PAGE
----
Lawsuit filed against Town of Truckee over Raley’s project
After a Truckee Town Council decision to approve construction of a 35,700 square foot Raley’s project at Soaring Ranch, a lawsuit has been filed against the Town of Truckee over the approval.
The petitioners on the lawsuit are Stefanie Olivieri, owner of Cabona’s, and Protect CEQA, the organization behind California’s Environmental Quality Act.
Olivieri’s reasoning for filing the suit was a lack of workforce housing included in the project as well as the need for a more comprehensive study to analyze the economic effects that new grocery stores, Raley’s and a recently approved Grocery Outlet, may have on the Truckee community.
“The fact there is absolutely no workforce housing (with the Raley’s project), is absolutely unacceptable and an egregious insult to this community,” said Olivieri. “We had a right to know what the impacts are on this commercial community.”
The second plaintiff, Protect CEQA, was founded in 2014 forming “a statewide coalition of environmentalists, labor members, and concerned residents committed to protecting the California Environmental Quality Act (CEQA) and to promoting smart growth development,” according to the organization’s website. Attorney Andrew Grundman currently serves as the executive director.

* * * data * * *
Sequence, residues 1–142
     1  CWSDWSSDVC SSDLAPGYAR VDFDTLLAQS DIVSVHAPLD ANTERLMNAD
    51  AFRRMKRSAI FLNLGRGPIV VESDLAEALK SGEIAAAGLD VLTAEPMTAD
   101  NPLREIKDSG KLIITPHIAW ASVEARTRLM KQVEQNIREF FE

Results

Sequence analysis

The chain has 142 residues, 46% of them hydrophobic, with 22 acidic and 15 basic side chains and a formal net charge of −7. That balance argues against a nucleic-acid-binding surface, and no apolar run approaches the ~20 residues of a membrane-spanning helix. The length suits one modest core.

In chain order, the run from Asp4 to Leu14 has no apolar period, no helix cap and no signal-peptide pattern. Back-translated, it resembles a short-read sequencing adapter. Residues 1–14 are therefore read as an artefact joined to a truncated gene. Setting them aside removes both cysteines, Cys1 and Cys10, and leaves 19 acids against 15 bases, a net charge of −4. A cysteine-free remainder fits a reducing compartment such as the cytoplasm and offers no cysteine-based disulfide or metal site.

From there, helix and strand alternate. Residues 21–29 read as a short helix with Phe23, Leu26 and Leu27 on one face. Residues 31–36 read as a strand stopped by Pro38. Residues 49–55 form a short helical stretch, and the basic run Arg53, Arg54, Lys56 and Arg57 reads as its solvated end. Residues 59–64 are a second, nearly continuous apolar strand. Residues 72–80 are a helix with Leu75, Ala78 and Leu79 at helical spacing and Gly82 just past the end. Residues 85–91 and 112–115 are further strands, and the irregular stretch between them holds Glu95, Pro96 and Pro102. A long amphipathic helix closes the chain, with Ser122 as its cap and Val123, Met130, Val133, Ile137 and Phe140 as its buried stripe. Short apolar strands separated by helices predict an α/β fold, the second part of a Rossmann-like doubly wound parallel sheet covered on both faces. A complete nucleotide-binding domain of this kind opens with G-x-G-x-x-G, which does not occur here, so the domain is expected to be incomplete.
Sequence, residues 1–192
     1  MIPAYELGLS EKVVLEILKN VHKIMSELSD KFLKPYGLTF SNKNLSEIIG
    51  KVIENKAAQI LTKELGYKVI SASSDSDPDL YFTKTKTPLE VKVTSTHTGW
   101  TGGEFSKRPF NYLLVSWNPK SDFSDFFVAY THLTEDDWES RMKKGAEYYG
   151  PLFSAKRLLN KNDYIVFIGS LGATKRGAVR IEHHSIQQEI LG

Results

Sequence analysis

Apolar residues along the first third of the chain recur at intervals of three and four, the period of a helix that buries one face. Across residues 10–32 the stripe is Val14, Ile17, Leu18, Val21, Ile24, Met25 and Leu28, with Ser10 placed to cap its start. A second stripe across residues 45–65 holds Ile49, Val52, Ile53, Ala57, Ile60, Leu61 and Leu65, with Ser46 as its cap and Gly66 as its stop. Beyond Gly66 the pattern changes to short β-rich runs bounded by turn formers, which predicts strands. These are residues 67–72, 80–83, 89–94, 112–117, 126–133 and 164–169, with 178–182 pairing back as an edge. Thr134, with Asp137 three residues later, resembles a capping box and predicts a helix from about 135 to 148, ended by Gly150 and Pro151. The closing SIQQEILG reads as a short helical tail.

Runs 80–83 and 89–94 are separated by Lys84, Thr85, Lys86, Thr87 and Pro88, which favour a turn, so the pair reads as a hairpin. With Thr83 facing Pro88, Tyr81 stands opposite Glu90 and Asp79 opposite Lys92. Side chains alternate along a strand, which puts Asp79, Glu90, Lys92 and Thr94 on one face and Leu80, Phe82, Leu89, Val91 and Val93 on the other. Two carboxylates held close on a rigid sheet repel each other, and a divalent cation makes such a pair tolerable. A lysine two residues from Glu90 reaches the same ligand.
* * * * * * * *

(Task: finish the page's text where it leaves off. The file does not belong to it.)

Enacted in 1970, the California Environmental Quality Act “requires state and local agencies to identify the significant environmental impacts of their actions and to avoid or mitigate those impacts, if feasible,” according to the California Natural Resources Agency.
In December 2017 Protect CEQA retained Tiburon-based Area Research Associates to analyzed the impacts on existing grocery outlets if the proposed supermarkets were to be approved. According to the study, “the food stores category shows an increase in demand through 2023 that could support only one full size grocery store (approximately 50,000 square feet).”
The report suggested that Save Mart would likely close as they would “experience a cumulative impact that would reduce its profitability to 33 percent below break-even threshold.” New Moon Natural Foods was also projected to close with the construction of new stores to “drop profitability at this unit to 27 percent below break-even levels.”
“We’re requesting an urban decay and economic analysis to further understand the impacts of three grocery stores on the existing community,” said Olivieri.
Originally, Truckee was receiving proposals for three new grocery stores, Raley’s, Grocery Outlet and a Nugget Markets that backed out of the Railyard development project following the approval of the Raley’s. Grocery Outlet was approved by the town council on April 26, and was appealed by neighboring residents two days later.
Protect CEQA had also appealed the Grocery Outlet project in February when first approved by the planning commission, citing numerous issues in a 100 page document.
Protect CEQA Executive Director Andrew Grundman declined comment on the issue.
Hannah Jones is a reporter for the Truckee Sun. She can be reached at firstname.lastname@example.org or 503-550-2652.